I would likely have gone over and yelled and banged on the hull. With no response, I may have gone around to see if anyone else in the area knew anything. Common sense applies here. If the locals look like dirt bags and ne're do wells, I might use a bit of discretion here. Then I would go aboard and investigate. All locked up and in no eminent danger? I might be inclined to leave her be and call the authorities. Maybe start investigating salvage law
If I thought I could operate her anchoring system and equipment from the foredeck, and get her into a better location without making things worse, I might do that.

Boat open and unlocked? I'd have a look around for owner contact info. I leave mine prominently displayed. You might get authorization to call for help. Maybe they have towing coverage. Maybe they have no idea their boat is 100 miles from where they last saw her in the marina. Maybe they're in town at the movies with another cruiser. Who knows? You don't know what to do until you know what the situation is.
I know this. If that were my boat, and she was in danger; I'd sure appreciate a favor.

And who knows? Highly unlikely, and it's a long and complicated process but you just might wind up with a damn nice cruising machine! Or at least, compensation for your efforts.
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Old 04-09-2016, 12:19   #51
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Re: Unoccupied Drifting Yacht- What to Do?

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Originally Posted by Scaramanga F25 View Post
You save the boat and subsequently it sinks....oh..oh...
Did you intentionally open the sea cocks to flood the boat? If not the only effect this would have on you is the amount of salvage you would be entitled too.

God people, the law on this is clear, if you save a boat from a maritime peril, and drifting into shoals absolutely is a merriment peril, you cannot be sued for anything other than being grossly negligent in the rescue operation.

Even if you do actual damage to the vessel it doesn't come out of your pocket. In order to loose a suit for damages you would litterly have to do something so stupid no reasonable person could possibly have agreed to it.

As an example, driving a fork lift into a boat to lift it out of the water (putting holes all the way thru it) has been held NOT to be grossly negligent.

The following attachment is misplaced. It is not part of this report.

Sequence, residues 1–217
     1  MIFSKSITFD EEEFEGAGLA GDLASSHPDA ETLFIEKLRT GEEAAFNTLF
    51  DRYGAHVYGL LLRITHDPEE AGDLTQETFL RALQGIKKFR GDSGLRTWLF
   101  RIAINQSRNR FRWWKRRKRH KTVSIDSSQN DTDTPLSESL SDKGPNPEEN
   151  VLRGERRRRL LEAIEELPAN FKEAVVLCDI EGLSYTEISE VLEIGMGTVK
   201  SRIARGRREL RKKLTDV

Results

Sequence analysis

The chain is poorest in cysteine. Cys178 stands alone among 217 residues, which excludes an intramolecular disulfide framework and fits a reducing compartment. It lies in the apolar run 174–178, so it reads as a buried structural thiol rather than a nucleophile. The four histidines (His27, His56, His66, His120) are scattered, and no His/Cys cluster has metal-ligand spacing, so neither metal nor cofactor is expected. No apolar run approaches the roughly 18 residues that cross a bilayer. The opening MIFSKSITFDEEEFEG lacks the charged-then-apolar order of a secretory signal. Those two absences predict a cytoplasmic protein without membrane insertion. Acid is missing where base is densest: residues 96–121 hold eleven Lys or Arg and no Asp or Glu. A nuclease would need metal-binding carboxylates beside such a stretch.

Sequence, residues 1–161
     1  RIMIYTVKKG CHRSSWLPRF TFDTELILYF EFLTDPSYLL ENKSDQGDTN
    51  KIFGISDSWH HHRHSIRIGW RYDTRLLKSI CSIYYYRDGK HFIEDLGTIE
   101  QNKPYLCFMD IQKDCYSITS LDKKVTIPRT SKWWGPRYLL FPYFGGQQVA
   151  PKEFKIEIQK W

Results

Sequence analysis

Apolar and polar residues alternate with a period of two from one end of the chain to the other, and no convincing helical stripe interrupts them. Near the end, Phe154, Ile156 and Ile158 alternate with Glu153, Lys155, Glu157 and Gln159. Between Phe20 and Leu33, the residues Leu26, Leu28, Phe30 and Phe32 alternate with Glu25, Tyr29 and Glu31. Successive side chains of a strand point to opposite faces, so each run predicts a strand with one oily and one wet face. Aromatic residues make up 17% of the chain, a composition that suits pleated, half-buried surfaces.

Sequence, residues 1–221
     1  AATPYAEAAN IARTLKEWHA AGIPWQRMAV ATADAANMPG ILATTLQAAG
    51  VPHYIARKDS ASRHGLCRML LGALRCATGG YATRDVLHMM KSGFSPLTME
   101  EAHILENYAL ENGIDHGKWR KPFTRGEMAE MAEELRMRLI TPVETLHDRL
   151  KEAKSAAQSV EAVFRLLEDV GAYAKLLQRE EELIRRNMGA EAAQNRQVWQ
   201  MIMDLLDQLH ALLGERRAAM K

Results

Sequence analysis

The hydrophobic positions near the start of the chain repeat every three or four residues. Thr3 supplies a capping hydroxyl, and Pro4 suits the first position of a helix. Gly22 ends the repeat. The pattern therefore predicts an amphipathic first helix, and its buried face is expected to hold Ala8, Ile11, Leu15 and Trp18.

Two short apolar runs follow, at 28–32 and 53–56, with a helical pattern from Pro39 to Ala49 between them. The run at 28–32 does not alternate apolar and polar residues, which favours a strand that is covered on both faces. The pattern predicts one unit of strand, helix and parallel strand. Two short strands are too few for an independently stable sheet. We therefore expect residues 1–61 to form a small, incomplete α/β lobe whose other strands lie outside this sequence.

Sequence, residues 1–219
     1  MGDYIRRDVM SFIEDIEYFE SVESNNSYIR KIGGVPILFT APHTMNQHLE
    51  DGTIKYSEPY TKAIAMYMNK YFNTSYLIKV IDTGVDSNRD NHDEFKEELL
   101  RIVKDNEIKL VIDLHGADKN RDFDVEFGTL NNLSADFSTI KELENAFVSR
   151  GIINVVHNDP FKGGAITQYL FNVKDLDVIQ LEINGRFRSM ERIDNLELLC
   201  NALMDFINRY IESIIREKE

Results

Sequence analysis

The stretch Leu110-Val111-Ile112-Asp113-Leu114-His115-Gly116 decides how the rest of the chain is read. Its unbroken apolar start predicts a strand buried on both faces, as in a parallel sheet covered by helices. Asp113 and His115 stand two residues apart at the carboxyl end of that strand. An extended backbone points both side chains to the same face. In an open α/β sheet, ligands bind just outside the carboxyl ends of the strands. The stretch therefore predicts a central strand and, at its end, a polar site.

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Old 04-09-2016, 12:21   #52
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Re: Unoccupied Drifting Yacht- What to Do?

I'm with Steady Hand on all points 1-9.
This is also what I see and expect, with experience from Europe and the Caribbean, where people just do what's needed to stabilize the situation.

American boats may get a slightly reluctant response, due to the many risks mentioned.

Do not judge the boat by the looks!
I meet many people that have all their worldly possessions on their boats, and they will most often fight the hardest to save yours.
Their boats may not look much or have the latest gizmos, but they are the people I'd ask for advice or help any day.

Be thankful and offer to share a home cooked meal.
Then perhaps ask if they are in need of some used equipment (if it feels appropriate), as this is worth more than 100 fancy meals.
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Old 04-09-2016, 12:32   #53
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Re: Unoccupied Drifting Yacht- What to Do?

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Calling the coasties or the sheriff seems like the smart move.
I actually was in this situation once. I watched a boat adrift and drifting through an anchorage full of boats. I called the Coast Guard. They asked if I could retrieve it. I said I could not.

Even though this was within sight of a major Coast Guard station, they did nothing. It would seem a waste of time and bandwidth to call the Coast Guard in a situation like this.
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Old 04-09-2016, 12:35   #54